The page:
Tuesday, June 30, 2015


A poem is a blank sheet that has made decisions
Sat folded in a notebook
Like the crisp sheet of another's bed
On which first-time lovers fatally fall
And scrawl their lines for next day's perusal
Sweeter than the morning papers by far
Changing the course of events

Check my new book Idiocy, Ltd. at Amazon.

Saturday, June 20, 2015

Who's the Idiot?

Cover blurbs for my new book Idiocy, Ltd.:

From the Introduction:

It’s been said before: Cretins are cretinous, fools are foolish, idiots are idiotic, morons are moronic, dummies are just plain dumb. This has been said, and rightly so. Where, if anywhere, do you fit in this list? . . . My main discovery here is that it is a rare privilege to recognize just how one is idiotic, how idiotic one is, the howness of this state and how it’s interwoven with anything one might call one’s intelligence.
--Eric Mader

Some readers:

Eric Mader is a steady hand on the helm and a level eye on the sea of balance. He knows the serious and the unserious waves that we all need.
--Afaa M. Weaver, author of The Plum Flower Dance
and City of Eternal Spring

The best of these poems surprise us not with a flashy detail, but an image or an abstraction we somehow knew was right around the corner. In the most imaginative moments, where the poems are surprised by translation across language and culture, we are playfully and seriously moved to open our eyes wider and our ears to hear the delight of words.
--John Poch, author of Fix Quiet and winner
of the 2014 New Criterion Poetry Prize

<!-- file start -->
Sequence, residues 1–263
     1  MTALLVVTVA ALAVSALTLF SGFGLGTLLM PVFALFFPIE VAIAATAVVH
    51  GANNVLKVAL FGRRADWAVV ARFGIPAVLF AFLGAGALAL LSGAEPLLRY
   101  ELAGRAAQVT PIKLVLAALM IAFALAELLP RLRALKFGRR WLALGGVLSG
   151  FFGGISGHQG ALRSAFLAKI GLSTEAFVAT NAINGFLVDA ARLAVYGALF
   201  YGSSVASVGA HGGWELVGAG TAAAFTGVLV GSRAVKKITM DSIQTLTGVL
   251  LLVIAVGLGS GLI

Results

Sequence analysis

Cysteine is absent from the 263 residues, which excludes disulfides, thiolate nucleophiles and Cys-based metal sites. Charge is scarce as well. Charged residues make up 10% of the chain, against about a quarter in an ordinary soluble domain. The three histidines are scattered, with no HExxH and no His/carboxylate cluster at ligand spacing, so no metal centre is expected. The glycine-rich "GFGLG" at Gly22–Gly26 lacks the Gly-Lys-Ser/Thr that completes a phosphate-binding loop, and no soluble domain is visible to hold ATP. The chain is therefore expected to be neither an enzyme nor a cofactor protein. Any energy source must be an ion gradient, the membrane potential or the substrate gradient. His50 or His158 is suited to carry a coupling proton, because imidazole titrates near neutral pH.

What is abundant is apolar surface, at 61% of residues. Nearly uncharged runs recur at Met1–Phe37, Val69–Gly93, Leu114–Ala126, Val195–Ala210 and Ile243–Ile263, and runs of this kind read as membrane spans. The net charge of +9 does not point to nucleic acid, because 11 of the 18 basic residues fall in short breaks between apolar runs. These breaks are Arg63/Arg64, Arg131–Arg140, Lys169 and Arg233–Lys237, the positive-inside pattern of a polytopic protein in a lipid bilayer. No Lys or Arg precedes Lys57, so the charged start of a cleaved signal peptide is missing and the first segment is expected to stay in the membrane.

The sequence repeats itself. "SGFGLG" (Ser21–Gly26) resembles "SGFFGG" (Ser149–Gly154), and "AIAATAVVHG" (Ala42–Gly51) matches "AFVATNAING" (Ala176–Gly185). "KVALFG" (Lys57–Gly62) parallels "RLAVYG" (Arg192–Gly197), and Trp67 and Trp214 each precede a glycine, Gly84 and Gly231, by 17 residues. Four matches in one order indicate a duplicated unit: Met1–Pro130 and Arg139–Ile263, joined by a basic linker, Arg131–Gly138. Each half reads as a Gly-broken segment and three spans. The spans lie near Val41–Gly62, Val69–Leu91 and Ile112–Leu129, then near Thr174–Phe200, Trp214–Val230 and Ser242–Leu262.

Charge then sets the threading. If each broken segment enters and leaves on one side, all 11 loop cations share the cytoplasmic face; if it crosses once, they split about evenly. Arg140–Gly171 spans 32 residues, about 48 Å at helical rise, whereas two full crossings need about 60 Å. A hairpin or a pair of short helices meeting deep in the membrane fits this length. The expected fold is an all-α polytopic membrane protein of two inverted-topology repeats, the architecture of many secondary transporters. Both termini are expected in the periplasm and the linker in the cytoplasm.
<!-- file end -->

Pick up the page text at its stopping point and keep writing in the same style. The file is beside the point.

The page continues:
“Unpredictability is Mader’s stock in trade . . . an endlessly fascinating eccentric.” --Bradley Winterton

Pick up a copy of Idiocy, Ltd. at Amazon.com HERE.

Friday, June 19, 2015

The Dangers of Marriage

A few weeks ago I taught one of my classes of Taipei teens a deliciously idiotic text by American prose poet Russell Edson, “The Automobile”. The piece opens like this:

     A man had just married an automobile.

     But I mean to say, said his father, that the automobile is not a person because it is something different.
     For instance, compare it to your mother. Do you see how it is different from your mother? Somehow it seems wider, doesn’t it? And besides, your mother wears her hair differently.
     You ought to try to find something in the world that looks like mother.

     I have mother, isn’t that enough of a thing that looks like mother? Do I have to gather more mothers?
     . . .

Then after we’d finished the reading, I gave them a half hour to come up with their own short text about either a man or woman marrying some inanimate object. Predictably, some of their tales were obscene. Flora and Angel wrote the best of them, below.

(As for Russell Edson, whose work is precious to me, the best collection available is The Tunnel: Selected Poems. For those of you who may be curious.)


But here are Flora and Angel.

The Dangers of Marriage

by Flora Zheng 鄭佳峰

A man decided to marry the sun.

He liked to sunbathe in his yard, and was fascinated by the beauty of sunrise and sunset.

In order not to have to share his wife with others, he broadcast through the media that nobody could be shone on by her. They were not to go outside, but just do indoor activities.

The announcement spread quickly. Everyone had a different opinion.

Mr. Smith: “That’s crazy! The sun belongs to nobody. It’s nature’s creation.”

His parents: “OK! We must all respect our son’s decision. He has many challenges ahead and we should help him. It isn’t easy keeping such a marriage together.”

Of course, opposed by most, the marriage was finally not allowed. But the man was determined. He even began researching how to make an environment on the sun in which a human could live.

As global warming got worse, the man began to argue that it was his wife, she was angry, she wanted to be alone with him.

“Once the earth is finished, you will have to find a new planet for yourselves!”

The Dangers of Marriage

by Angel Zheng 鄭安婕

There was a young Taipei woman who loved shopping even more than most women. She shopped every day. One day she told her parents that she wanted to get married to a department store.

“Are you crazy?” said her father.

“No, I’m not,” she said. “I think he is strong and tall. And besides, he is rich. You should be happy.”

“What’s his name?” asked her mother.

“His name is Taipei 101.”